Friday, August 21, 2015


Summer Under the Stars, August 22: Marlene Dietrich

It was 1929, and Marlene Dietrich was appearing on the Berlin stage when Austrian-American film director Josef von Sternberg first caught sight of her. Something in her attitude intrigued him and he thought she might be right for the female lead in his next film, The Blue Angel, to be Germany's first sound film and produced in both German and English-language versions.

Marlene Dietrich, 1930, by Irving Chidnoff
Dietrich would later claim, "My so-called biographers eagerly published a long list of films in which I had appeared at that time and supposedly played leading roles. This is not so. When Josef von Sternberg chose me for The Blue Angel, he was hiring an unknown."

She was cast as Lola Lola, a singer/dancer in a tawdry dive called "The Blue Angel," a more wanton and fleshy seductress than those the actress would later portray. Dietrich's transformation from curvy brownette to svelte blonde would become a subject of some conjecture.

She credited her changing onscreen appearance (and quite a bit more) to her director. Von Sternberg, she said, had placed the main spotlight very low and far away from her to add prominence to the roundness of her face, "No hollow cheeks for The Blue Angel," she would write. "The secret face with the hollow cheeks," the look she became famous for, "was achieved as a result of placing the main spotlight close to my face and high above it." From von Sternberg, Dietrich learned a tremendous amount about lighting and camera; so much so that her knowledge was often greater than that of directors and cameramen she worked with after their collaboration ended. And, to ensure she was being photographed to her best advantage, she came up with the idea of watching herself while filming by placing a full-length mirror next to the camera.

Friday, August 14, 2015


Mr. Benchley, by Al Kilgore

Mr. Benchley, originally of Worcester, Massachusetts, was first and foremost enamored of Manhattan. He was later lured to Hollywood but he was not especially fond of the movie capital. And though his love for New York City endured, Hollywood did, nonetheless, manage to seduce him.

When Mr. Benchley moved to New York, he was a zealous teetotaler and committed pacifist recently wed to his childhood sweetheart. Some years later, while managing editor of Vanity Fair (then an arts and culture magazine), he fell in with other ambitious young writers who, with him, would form the famed "Vicious Circle" at a round table in the Algonquin Hotel. As one of the centerpieces of what would become New York's "in crowd" of the Prohibition Era, it was not long before Mr. Benchley, while visiting a speakeasy with Mrs. Parker and Mr. Sherwood, took his first sip of "demon rum."  The drink with which his friends introduced him to the joys and tragedies of alcohol was the Orange Blossom cocktail.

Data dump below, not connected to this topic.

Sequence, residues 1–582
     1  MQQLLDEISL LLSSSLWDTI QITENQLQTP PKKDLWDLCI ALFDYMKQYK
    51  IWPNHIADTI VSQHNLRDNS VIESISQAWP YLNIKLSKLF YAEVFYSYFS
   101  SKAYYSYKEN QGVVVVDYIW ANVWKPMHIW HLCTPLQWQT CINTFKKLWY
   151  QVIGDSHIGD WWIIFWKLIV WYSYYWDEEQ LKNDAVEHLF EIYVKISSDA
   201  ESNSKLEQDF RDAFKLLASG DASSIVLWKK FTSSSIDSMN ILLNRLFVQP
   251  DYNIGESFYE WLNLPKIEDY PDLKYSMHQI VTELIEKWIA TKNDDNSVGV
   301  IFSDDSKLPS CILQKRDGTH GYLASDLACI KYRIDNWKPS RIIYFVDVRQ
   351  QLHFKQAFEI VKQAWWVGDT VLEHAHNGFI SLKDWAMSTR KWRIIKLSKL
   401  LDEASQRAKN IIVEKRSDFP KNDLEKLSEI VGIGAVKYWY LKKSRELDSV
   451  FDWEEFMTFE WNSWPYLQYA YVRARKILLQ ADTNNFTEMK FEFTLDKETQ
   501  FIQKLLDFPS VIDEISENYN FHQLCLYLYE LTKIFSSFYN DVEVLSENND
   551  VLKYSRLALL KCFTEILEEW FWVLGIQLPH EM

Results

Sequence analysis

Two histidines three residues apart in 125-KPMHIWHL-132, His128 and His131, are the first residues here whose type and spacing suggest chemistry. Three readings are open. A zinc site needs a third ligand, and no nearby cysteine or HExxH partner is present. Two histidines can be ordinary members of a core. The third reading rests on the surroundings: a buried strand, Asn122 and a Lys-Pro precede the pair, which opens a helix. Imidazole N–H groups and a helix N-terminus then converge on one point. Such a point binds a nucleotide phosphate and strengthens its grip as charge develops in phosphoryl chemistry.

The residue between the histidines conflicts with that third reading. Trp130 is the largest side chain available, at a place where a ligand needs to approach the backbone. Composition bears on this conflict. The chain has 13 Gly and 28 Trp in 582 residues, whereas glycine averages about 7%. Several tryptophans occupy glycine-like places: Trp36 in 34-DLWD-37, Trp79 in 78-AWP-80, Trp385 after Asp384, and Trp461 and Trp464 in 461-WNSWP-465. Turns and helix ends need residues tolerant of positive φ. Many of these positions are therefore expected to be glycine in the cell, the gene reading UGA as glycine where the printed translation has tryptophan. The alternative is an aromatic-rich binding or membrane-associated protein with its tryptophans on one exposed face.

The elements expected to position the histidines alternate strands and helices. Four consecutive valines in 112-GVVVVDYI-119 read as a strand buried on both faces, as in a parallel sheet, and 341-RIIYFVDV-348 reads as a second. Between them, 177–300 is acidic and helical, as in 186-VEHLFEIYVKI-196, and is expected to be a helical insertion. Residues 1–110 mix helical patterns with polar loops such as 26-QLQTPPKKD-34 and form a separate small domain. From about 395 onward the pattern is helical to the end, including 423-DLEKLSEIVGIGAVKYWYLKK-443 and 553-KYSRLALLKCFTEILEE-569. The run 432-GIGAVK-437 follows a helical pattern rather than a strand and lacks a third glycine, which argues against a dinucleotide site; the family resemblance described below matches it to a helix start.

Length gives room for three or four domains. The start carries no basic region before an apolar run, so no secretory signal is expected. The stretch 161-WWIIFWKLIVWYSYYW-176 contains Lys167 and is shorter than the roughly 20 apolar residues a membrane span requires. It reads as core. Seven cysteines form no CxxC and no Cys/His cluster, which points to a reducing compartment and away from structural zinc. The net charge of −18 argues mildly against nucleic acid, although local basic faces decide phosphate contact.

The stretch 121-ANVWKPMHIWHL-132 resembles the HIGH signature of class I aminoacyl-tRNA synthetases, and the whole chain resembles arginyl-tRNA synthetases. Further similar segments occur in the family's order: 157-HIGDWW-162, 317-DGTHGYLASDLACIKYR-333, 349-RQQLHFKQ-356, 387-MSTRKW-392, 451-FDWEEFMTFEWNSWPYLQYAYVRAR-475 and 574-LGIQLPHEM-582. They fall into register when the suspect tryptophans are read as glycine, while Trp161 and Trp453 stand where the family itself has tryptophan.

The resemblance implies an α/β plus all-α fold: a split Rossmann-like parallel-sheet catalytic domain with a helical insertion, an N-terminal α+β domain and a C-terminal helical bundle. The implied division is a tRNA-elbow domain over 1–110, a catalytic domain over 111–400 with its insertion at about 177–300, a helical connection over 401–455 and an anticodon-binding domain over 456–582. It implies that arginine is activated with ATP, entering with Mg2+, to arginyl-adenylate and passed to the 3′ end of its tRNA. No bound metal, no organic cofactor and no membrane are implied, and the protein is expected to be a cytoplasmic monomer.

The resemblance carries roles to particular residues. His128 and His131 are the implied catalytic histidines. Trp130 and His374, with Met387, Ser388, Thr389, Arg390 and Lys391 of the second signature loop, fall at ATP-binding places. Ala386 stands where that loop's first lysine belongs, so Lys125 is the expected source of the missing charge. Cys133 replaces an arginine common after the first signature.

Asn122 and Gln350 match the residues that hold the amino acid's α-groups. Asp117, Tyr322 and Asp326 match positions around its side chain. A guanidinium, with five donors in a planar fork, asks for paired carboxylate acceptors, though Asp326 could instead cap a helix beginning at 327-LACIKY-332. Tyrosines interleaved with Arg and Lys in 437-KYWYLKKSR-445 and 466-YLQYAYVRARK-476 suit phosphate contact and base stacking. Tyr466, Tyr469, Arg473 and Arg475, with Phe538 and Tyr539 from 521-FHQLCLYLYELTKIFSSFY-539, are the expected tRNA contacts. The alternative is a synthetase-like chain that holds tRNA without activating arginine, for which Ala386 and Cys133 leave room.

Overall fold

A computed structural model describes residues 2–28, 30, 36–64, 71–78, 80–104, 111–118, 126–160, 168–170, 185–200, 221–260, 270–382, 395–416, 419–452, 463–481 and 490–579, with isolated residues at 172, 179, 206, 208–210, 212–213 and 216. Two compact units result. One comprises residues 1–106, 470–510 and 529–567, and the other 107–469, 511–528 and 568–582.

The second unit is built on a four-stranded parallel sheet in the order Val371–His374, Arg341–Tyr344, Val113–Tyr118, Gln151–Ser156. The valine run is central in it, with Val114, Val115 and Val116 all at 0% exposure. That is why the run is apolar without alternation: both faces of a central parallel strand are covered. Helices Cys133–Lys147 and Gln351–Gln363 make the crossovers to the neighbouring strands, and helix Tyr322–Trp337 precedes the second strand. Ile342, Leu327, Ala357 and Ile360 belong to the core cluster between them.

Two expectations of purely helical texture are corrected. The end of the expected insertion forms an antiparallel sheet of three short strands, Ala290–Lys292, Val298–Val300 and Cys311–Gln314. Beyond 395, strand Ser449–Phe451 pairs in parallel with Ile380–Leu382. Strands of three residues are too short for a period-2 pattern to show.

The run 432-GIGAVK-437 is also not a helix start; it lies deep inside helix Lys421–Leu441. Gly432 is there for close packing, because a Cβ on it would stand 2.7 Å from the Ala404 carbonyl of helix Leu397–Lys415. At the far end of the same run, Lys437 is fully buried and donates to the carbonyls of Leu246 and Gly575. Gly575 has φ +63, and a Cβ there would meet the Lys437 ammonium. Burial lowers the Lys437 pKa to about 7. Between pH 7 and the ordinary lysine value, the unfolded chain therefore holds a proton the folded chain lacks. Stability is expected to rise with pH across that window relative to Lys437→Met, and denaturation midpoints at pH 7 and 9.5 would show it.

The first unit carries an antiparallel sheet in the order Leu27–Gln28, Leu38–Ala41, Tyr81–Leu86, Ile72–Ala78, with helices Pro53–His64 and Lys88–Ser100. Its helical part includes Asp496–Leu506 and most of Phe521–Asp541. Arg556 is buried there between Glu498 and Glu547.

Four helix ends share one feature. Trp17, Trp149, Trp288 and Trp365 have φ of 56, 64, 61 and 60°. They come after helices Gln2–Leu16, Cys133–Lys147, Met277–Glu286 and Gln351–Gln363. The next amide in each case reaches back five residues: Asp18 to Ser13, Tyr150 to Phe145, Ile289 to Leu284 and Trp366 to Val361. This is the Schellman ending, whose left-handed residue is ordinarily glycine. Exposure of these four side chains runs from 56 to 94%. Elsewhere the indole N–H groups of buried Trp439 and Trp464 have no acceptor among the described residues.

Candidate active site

Sunday, August 9, 2015



Summer Under the Stars, August 9: Robert Walker

From the New York TimesAugust 30, 1951: "Los Angeles, Aug. 29 - Robert Walker, 32-year-old film star whose own desperate and protracted struggle with dark emotional forces topped any of his conflicts on the screen, died last night while undergoing medical treatment for the latest of many tragic crises in his life."

Though his film career was cut short by his untimely end, Robert Walker had managed to be credited in 20 films during his nine years in Hollywood. Most of these movies are long-forgotten, but two of his best endure: Vincente Minnelli's classic war-time romance, The Clock (1945), with Judy Garland, and the Alfred Hitchcock mid-century masterpiece Strangers on a Train (1951). Both films were featured on Sunday, August 9, as part of Turner Classic Movies' Summer Under the Stars day-long tribute to Robert Walker.